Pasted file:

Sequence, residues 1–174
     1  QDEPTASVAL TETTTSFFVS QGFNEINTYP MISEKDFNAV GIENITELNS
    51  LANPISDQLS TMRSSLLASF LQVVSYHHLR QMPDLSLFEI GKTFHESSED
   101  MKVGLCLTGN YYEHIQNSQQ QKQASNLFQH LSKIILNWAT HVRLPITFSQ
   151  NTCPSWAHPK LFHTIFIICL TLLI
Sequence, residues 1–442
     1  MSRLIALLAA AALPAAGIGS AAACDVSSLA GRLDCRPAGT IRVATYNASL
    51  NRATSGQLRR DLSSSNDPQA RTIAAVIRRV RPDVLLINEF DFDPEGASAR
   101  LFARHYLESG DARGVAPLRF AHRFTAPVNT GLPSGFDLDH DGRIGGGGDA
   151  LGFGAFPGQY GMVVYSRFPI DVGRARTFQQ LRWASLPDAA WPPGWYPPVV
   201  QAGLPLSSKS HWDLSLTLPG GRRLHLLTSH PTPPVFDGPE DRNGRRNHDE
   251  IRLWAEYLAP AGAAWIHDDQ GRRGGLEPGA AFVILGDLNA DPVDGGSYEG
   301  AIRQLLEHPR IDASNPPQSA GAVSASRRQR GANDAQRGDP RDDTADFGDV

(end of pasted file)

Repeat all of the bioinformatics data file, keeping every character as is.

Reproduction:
Sequence, residues 1–174
     1  QDEPTASVAL TETTTSFFVS QGFNEINTYP MISEKDFNAV GIENITELNS
    51  LANPISDQLS TMRSSLLASF LQVVSYHHLR QMPDLSLFEI GKTFHESSED
   101  MKVGLCLTGN YYEHIQNSQQ QKQASNLFQH LSKIILNWAT HVRLPITFSQ
   151  NTCPSWAHPK LFHTIFIICL TLLI
Sequence, residues 1–442
     1  MSRLIALLAA AALPAAGIGS AAACDVSSLA GRLDCRPAGT IRVATYNASL
    51  NRATSGQLRR DLSSSNDPQA RTIAAVIRRV RPDVLLINEF DFDPEGASAR
   101  LFARHYLESG DARGVAPLRF AHRFTAPVNT GLPSGFDLDH DGRIGGGGDA
   151  LGFGAFPGQY GMVVYSRFPI DVGRARTFQQ LRWASLPDAA WPPGWYPPVV
   201  QAGLPLSSKS HWDLSLTLPG GRRLHLLTSH PTPPVFDGPE DRNGRRNHDE
   251  IRLWAEYLAP AGAAWIHDDQ GRRGGLEPGA AFVILGDLNA DPVDGGSYEG
   301  AIRQLLEHPR IDASNPPQSA GAVSASRRQR GANDAQRGDP RDDTADFGDV